Our alliance with France is the most important event in the history of the two countries. After a long, ardent, variable, and bloody struggle, which lasted for centuries, these two neighbouring nations are at last in a state of concord and compact; not, we fear, brought about by the force of public virtue on either side, but by a pressing danger. Such are the ways of Providence, that in this, as in many similar cases, that which wisdom and sound principles failed to effect, He has enforced by the uncontrollable teaching of events. And it is well that the enmities of past contentions had not the effect of blinding the two nations to the realities of their situation. But the preparatory events necessary to this alliance are most extraordinary. The Empire is the basis of our union with France, that Empire against which we had fought with so much fierceness and perseverance to overthrow. Had either the old or the younger
France and Sardinia.
Bourbons been on the throne of France, there would have been no alliance with this country to resist Russian aggression; and, as far as human probabilities can pretend to decipher events, it is almost certain that Russia would have gained her point, without having, as now, to meet the forces of Western Europe.
How little the course of events can be foreseen by human sagacity! In this country, the burst of indignation on the resumption of the Empire, in the person of Louis Napoleon, was unbounded. The past flashed upon every Englishman's mind; and it was feared that we should have to defend our own shores against the Gallic legions. We know not what would have arisen, had not this Russian outbreak called the attention of the two nations to a danger that threatened them alike. How provident is God! We imagine we now see, in the restoration of the French Empire, a preparatory foundation laid for the successful resistance of Russian domination, and the preservation of the national freedom of Europe.
But what is most worthy of notice in this alliance, is its cordial character. The two nations had known each other too long, had contended with each other on too many well-fought fields, and been rivals in arts, commerce, and knowledge, on too great a scale, not to respect each other. The dynastic contention had long ceased; the heads of the two Governments had no grounds of suspicion; the peoples of each country had enjoyed a friendly intercourse, and nothing remained to engender distrust. Such being the state of the nations, when the time came for their union, the happy compact had only to receive the formal recognition of the two Governments, to be complete. The good faith observed on each side has augmented the mutual respect in which it originated, and we have hitherto heard of no divergence, even of opinion, in the matters to be arranged. The armies have evidently participated in the spirit of the Governments, and we have witnessed nothing but cordial and hearty co-operation. The French Generals and troops have sympathized with us in our suffering condition, and brought their hale and robust men to assist our wasted and dying troops in their greatest need. We hail this alliance as the augury of success in this struggle; but we look to it for even more permanent results, and trust in God that it may lead to the progress of each nation in the arts of peace and civilization.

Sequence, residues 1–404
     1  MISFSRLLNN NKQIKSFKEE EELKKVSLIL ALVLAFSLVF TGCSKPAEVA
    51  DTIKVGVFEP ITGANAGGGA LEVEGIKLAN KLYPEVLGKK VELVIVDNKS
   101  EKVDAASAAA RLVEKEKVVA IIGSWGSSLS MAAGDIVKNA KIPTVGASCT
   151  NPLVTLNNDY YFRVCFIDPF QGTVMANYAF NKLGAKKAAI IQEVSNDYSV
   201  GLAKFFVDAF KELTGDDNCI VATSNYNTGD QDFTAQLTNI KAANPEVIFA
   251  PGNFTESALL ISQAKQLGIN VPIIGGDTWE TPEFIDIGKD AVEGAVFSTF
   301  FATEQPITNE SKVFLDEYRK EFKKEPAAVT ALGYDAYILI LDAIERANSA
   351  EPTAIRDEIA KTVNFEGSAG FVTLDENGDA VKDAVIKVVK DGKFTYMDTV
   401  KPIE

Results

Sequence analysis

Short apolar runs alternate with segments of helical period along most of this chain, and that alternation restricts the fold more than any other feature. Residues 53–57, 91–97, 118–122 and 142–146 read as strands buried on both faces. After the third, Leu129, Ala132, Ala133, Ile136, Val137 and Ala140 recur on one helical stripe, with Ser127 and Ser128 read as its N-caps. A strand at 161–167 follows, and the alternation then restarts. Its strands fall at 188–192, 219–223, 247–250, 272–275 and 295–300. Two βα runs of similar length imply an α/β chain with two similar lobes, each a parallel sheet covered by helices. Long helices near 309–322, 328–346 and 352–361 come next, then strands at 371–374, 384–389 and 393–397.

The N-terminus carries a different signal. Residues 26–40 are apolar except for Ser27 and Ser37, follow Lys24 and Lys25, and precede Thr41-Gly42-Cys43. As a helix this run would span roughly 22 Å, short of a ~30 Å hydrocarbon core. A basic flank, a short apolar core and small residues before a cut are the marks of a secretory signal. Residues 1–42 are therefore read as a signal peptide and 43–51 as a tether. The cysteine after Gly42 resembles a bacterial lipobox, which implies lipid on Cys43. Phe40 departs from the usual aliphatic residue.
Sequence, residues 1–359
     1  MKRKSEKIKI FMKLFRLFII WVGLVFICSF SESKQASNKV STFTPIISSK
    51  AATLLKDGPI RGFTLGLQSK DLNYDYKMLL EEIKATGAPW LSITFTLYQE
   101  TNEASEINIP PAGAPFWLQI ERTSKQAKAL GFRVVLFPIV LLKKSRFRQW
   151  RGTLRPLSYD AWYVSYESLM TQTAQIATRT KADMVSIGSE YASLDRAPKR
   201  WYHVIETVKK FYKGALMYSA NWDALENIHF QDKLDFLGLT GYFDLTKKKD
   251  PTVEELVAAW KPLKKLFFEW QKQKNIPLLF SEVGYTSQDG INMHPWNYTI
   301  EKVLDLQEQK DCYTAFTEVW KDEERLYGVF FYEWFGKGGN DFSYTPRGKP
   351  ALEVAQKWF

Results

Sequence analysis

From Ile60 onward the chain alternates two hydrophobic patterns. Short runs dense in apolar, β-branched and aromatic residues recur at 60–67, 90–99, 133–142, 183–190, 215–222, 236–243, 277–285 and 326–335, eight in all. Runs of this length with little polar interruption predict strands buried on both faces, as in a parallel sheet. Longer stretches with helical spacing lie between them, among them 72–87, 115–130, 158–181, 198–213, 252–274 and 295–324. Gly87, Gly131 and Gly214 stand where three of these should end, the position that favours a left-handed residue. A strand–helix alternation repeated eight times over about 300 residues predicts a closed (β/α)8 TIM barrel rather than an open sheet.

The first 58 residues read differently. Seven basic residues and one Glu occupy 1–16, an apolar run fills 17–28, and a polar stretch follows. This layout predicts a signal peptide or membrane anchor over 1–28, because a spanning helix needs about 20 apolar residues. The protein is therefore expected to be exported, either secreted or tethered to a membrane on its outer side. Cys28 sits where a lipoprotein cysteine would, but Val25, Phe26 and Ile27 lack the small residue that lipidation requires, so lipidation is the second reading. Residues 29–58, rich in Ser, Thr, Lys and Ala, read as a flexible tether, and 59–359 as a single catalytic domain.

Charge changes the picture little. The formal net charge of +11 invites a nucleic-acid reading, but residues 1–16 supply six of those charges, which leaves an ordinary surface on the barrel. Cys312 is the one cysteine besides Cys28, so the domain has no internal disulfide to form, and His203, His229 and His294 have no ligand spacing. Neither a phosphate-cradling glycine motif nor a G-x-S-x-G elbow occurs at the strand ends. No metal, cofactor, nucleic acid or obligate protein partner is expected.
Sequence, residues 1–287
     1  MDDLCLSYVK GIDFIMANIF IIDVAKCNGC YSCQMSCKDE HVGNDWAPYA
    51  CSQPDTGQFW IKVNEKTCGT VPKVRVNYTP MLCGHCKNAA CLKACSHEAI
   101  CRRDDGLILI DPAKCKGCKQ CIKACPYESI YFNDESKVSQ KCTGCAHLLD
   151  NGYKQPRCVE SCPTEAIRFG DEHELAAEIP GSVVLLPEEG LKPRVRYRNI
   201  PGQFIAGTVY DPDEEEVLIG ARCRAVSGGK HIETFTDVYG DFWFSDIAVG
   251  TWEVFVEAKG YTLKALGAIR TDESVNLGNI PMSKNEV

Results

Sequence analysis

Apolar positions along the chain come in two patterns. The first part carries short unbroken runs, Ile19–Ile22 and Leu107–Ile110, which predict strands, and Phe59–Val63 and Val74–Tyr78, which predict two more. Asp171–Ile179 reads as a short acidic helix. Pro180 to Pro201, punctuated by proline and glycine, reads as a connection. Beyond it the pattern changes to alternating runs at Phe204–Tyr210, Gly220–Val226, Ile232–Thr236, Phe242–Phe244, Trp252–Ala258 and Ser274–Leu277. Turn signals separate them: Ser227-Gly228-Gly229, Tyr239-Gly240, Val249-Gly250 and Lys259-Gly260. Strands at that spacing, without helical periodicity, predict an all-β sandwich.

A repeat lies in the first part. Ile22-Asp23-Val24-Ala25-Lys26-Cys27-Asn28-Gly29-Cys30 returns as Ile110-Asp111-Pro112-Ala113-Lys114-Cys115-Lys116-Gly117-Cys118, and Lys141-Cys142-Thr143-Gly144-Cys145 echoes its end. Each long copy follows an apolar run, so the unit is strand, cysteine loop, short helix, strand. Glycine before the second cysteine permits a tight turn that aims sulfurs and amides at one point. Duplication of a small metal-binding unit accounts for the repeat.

The Sardinian alliance, also, as we hope, augurs nothing but good to all the parties concerned. We have, indeed, looked upon the struggles of this small State for freedom, in the midst of prodigious difficulties, with extreme interest. The opposition of the Popedom and the Church party; the disturbing elements introduced into the constitutional and moderate measures of the Court and Parliament by the factious; the
traditional prejudices and feelings to be overcome; the unequal laws to be rescinded, and the privileged orders to be conciliated or subdued; the political antagonism of the surrounding States; -all these things met, and successfully overcome, give to Sardinia an interest in the affectionate concern of Englishmen, such as can be accorded to no other people. And they are now our allies. But the manner in which this alliance was accepted enhances its value. We have heard of no quibbling, no diplomatic finesse, no sordid attempt at a good bargain, no stipulations for recompense, no equivocations or reservations. Every thing appears to have been done in the most straightforward manner. The alliance was accepted frankly, with all its risks and all its conditions, and the only thing left for consideration was its details; and these, as must always be the case with honest men, were soon settled.